Saturday morning I snapped awake at 4am and suddenly realized that the northern lights might be out. I had noticed a stronger than usual chance of the aurora, so was enthusiastic to get up early to explore. I checked Facebook for the requisite comments about the lights and found several folks who had commented enthusiastically. So I set out… And found nothing but a sunrise. 🙁
Last night I opted to stay up late in order to look for the lights. A friend came along so we headed out to the Mendenhall Glacier in hopes of escaping the light pollution of streetlights. After checking out the horizon and not seeing anything of note, we continued to the shore of the Mendenhall Lake. Night photography is always something I enjoy and I had hoped that I might be able to capture some of that cool blue coloration of the evening sky and maybe even the Big Dipper over the glacier itself.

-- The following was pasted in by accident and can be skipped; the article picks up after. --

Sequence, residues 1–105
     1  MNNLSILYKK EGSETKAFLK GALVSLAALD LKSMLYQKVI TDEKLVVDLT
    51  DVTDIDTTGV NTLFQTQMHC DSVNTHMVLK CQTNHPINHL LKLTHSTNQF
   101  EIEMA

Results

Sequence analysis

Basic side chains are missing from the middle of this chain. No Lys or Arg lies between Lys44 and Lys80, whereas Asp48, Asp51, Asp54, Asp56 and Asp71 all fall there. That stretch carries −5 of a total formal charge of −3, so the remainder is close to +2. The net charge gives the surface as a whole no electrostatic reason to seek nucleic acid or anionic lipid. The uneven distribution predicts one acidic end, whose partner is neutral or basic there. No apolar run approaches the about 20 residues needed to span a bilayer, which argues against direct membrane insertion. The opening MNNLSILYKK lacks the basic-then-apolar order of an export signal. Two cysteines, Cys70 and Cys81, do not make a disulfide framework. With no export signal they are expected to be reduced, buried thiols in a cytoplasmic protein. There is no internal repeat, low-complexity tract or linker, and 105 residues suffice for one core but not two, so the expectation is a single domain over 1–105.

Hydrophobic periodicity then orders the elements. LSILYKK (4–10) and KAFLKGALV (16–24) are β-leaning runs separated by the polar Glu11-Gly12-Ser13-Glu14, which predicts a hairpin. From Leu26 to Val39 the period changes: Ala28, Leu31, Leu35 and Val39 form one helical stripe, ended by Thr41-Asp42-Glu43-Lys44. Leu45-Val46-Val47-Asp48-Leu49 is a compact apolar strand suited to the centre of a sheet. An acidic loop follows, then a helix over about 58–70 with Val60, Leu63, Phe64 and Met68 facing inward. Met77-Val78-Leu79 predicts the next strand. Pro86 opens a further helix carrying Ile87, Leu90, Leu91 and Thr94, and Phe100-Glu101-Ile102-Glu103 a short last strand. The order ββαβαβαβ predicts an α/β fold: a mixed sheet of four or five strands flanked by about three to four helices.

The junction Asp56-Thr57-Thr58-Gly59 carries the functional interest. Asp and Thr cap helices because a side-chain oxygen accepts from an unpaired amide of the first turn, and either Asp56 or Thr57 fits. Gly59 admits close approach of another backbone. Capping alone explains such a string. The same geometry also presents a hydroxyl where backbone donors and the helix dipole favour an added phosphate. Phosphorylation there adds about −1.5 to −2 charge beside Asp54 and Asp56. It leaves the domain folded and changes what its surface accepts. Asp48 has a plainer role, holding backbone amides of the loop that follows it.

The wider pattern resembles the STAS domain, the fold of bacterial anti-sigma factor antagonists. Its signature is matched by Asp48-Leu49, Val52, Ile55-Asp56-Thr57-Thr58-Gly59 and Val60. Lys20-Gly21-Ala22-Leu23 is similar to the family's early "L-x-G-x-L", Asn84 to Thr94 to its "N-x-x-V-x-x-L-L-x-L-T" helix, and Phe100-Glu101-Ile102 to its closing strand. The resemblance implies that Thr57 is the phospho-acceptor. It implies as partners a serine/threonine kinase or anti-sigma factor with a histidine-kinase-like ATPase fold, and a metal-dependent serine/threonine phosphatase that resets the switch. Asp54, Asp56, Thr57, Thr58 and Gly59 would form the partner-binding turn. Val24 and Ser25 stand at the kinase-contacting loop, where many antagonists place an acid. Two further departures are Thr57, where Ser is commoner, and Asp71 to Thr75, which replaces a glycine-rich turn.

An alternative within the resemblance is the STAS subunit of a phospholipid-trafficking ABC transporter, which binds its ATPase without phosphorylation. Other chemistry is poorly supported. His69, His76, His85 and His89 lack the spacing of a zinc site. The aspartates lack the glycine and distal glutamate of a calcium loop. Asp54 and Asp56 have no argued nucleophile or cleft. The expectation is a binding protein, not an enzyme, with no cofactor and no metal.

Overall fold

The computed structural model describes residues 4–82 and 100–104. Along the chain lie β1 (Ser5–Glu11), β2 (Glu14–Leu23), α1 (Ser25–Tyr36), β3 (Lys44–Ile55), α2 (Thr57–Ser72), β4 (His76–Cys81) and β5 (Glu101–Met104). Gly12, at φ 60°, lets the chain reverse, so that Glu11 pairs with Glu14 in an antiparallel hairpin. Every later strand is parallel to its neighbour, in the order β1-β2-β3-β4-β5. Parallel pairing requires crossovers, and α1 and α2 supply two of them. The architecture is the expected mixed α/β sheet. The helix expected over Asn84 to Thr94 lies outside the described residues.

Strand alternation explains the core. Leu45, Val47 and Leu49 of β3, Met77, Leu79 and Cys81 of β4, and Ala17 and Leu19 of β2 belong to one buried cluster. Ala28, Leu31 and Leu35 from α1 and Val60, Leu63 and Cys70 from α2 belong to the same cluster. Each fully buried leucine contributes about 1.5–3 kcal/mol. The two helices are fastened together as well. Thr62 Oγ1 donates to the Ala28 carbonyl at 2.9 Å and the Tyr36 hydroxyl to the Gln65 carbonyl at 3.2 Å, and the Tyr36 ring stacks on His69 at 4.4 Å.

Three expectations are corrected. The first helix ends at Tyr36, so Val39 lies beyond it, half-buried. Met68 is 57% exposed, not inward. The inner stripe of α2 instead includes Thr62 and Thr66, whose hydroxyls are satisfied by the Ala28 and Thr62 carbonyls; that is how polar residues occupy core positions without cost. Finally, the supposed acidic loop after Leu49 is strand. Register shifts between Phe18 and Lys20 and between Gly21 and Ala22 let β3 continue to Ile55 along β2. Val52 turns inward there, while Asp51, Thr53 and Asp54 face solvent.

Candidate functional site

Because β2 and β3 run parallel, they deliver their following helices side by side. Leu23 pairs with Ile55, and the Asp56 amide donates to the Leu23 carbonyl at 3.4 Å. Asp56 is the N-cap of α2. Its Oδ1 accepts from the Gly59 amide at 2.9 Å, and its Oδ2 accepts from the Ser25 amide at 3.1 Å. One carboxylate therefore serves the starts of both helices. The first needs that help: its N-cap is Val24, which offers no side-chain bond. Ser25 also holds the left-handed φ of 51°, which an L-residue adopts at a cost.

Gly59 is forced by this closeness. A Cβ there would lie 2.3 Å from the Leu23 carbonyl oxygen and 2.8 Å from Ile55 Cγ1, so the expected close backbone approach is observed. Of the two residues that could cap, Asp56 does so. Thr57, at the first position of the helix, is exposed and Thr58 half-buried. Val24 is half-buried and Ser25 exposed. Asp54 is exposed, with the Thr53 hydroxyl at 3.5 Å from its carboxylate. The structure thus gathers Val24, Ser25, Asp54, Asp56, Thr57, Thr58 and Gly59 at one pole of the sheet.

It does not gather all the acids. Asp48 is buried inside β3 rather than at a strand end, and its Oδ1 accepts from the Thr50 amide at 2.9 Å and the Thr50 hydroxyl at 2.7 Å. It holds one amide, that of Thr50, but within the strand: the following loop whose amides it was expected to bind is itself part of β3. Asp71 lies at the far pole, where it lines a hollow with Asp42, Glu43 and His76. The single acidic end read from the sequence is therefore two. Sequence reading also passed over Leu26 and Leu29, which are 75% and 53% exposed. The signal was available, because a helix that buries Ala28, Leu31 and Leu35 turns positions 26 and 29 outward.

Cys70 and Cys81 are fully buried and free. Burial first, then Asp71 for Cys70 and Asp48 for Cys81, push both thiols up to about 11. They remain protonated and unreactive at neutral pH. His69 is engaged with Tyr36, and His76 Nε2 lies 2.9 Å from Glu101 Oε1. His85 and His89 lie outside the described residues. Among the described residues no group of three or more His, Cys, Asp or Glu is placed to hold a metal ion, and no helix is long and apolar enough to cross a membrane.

I thought the evening worked out well, photographically speaking. The Auroras came out for around 1-2 minutes at nearly 2:50am, and Joel can tell you how excited I was. I seem to have a knack for getting shots of the aurora the night after a great display. It works, but one of these times I’m hoping the timing will be in my favor.
Enjoy the photos…
See these and more in my 2011 Fine Art Gallery.
It’s the summertime again, and so subsequently I’ve been out in the mornings and whenever I can taking more photos of the nearby wildlife. It amazes me to think that I can sit on a rock just 10 feet away from massive American Bald Eagles and they’re as ‘common’ as the crows down the beach. Living here certainly has it’s perks. 🙂